Former Indian cricketers slam BCCI's non-acceptance of Decision Review System
There is increasing heat on India’s cricketing body to accept the Decision Review System, ICC’s technology-based system to verify the on-field umpire’s decision. The BCCI has been the only national cricket body to have not accepted the DRS because of its fallability since its inception in 2009.
There have been several marginal decisions which have gone against the Indian team in the ongoing tour of Australia, and questions are being increasingly asked as to why the BCCI is adamantly holding on to their notion that DRS will interfere with the ‘human element’ in the game.
Mahendra Singh Dhoni re-asserted after the Brisbane Test that the DRS will not change anything even if brought into use, but former Indian cricketers have lambasted BCCI’s adamance in not yielding to the advantages of technology.
Wrong decisions in key moments could have been overturned
Harbhajan Singh said, “I believe it's time that we accepted the DRS as it will only benefit our cause. If you look, in both Test matches, India were very competitive but there were key moments when our boys got a raw deal. I can recall four decisions. Shikhar's (Dhawan) caught behind in the second innings of the first Test in Adelaide. (Cheteshwar) Pujara's caught behind in the first innings of second Test followed by Rohit (Sharma) and Ashwin's decision in the second innings.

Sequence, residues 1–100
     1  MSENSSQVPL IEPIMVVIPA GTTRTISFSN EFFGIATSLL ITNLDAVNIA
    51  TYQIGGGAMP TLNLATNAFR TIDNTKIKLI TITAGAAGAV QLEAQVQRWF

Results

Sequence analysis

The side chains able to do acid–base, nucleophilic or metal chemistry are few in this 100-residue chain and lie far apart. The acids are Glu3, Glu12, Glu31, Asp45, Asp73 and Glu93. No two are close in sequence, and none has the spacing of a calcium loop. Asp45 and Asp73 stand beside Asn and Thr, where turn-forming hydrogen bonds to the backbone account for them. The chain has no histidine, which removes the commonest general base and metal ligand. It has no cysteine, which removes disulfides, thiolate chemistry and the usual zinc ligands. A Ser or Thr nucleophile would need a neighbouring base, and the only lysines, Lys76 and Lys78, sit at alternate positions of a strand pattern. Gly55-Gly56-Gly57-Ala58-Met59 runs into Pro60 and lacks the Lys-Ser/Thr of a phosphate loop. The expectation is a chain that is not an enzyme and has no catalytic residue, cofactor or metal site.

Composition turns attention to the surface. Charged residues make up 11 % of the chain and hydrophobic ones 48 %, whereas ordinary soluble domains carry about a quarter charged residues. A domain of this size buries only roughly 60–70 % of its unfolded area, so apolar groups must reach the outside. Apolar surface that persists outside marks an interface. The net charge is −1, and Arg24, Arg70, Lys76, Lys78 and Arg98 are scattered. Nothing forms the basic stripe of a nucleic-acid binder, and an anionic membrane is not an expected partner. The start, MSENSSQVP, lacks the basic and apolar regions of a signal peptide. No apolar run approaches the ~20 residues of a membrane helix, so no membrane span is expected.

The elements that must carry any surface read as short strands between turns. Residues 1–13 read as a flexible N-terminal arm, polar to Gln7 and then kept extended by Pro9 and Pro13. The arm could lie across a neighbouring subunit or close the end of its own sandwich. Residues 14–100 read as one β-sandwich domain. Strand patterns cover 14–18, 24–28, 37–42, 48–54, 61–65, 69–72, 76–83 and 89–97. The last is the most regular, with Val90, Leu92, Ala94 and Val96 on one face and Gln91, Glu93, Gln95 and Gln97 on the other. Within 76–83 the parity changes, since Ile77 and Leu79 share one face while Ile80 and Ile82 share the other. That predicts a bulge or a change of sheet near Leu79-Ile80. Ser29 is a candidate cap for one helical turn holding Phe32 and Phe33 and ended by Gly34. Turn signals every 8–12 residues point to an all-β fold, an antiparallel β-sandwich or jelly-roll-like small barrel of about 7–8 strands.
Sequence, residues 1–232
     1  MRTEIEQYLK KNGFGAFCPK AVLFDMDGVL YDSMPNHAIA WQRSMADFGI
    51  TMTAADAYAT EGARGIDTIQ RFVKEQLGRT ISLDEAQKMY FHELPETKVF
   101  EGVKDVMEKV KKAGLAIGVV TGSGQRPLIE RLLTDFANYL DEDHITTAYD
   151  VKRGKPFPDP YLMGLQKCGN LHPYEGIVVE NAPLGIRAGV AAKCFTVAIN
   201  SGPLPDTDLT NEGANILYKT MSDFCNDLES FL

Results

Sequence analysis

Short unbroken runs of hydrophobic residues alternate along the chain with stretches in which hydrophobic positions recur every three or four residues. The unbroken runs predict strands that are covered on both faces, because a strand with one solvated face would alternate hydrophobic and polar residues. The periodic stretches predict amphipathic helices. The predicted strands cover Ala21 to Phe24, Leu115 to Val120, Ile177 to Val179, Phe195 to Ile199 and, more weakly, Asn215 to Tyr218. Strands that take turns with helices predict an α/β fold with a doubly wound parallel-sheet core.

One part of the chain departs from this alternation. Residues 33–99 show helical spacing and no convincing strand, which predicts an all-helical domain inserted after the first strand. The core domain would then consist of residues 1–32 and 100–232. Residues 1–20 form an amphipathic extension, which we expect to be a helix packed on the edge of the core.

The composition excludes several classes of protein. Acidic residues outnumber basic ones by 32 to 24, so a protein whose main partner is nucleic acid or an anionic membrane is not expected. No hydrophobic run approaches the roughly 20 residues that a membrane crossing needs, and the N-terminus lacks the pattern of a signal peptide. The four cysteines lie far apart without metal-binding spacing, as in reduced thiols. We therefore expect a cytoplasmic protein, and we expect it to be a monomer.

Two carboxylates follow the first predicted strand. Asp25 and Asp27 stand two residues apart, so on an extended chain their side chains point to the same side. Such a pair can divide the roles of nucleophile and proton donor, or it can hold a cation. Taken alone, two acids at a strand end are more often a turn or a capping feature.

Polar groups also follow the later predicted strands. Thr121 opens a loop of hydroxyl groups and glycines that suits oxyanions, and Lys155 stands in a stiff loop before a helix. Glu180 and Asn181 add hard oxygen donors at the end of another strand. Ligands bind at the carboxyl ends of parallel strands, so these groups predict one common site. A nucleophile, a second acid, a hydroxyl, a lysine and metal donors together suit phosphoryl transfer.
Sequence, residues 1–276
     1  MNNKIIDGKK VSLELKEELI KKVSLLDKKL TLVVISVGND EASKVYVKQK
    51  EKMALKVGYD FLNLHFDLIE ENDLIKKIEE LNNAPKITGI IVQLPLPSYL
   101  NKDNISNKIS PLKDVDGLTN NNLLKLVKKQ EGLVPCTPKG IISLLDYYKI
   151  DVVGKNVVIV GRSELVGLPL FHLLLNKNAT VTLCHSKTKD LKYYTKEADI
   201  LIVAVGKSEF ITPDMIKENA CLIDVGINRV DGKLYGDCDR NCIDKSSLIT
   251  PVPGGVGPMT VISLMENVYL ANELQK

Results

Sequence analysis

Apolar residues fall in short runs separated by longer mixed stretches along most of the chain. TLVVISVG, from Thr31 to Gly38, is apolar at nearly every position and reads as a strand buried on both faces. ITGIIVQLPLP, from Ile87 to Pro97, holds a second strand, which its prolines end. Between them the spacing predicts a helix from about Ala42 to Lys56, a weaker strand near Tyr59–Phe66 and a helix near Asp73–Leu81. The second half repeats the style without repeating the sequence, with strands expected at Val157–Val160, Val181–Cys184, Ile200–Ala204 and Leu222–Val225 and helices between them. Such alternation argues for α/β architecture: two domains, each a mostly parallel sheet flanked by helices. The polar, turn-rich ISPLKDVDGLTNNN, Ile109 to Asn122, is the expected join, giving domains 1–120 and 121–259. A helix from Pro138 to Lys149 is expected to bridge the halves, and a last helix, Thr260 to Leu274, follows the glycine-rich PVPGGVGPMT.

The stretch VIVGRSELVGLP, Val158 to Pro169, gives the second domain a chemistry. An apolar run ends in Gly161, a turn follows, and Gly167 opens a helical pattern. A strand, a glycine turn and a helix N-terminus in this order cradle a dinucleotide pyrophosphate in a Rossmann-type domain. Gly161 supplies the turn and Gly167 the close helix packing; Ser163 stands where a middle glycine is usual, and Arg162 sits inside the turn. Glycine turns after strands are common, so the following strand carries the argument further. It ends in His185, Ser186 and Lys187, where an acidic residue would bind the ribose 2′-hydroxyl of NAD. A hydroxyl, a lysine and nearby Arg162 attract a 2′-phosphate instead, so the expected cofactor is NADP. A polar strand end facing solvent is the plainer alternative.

“Had DRS been there, all these decisions were sure to be overturned and we might have been in a winning position in both Test matches. Even if I take it for a fact that DRS is not foolproof and 100 percent accurate, from a personal point of view, even 90 percent accurate DRS can get you key decisions at key moments in your favour,"
Former Indian captain Mohammad Azharuddin said, "When other cricket playing nations are not averse to using it (DRS) then why is India ignoring it? In this (Brisbane) Test match, so many decisions went against India, they could have gone in their favour. I strongly feel that either you completely use technology or just ignore it.”
“Once the ICC has approved it, then everyone should fall into its ambit. For a simple run-out or an elementary decision the umpires go to the third umpire even if the batsman is three yards short of his crease. I fail to understand this half-hearted approach.”
DRS will become integral part of cricket in future
Former Selection Committe Chairman Dilip Vengsarkar said that the ongoing tour had made him revise his stand about accepting the DRS – “I was of the opinion that DRS is not 100 percent foolproof but it seems we have to go for the technology now. A lot of easy decisions have gone against us and that has hurt us badly in the series.”
Legendary spinner Erapalli Prasanna said mysteriously, “From the beginning, I have been vocal about using DRS. Why isn't it being used? Ask the BCCI.”
Former India captain Ajit Wadekar said, “India have been the worst sufferers for not using DRS. Teams like England and Australia have benefitted and we must also start using DRS.”
Former Selection Committe Chairman Chandu Borde seemed to imply that it is only a matter of time before the Decision Review System becomes as part and parcel of cricket as the front-foot no-ball.
“Technology impacts every other walk of life. Why not cricket if it is for the betterment of the game and it will satisfy players, public every one. When front foot no ball rule was introduced there was opposition. Now everyone accepts it. Similarly accepting DRS will also help us in improving the game”.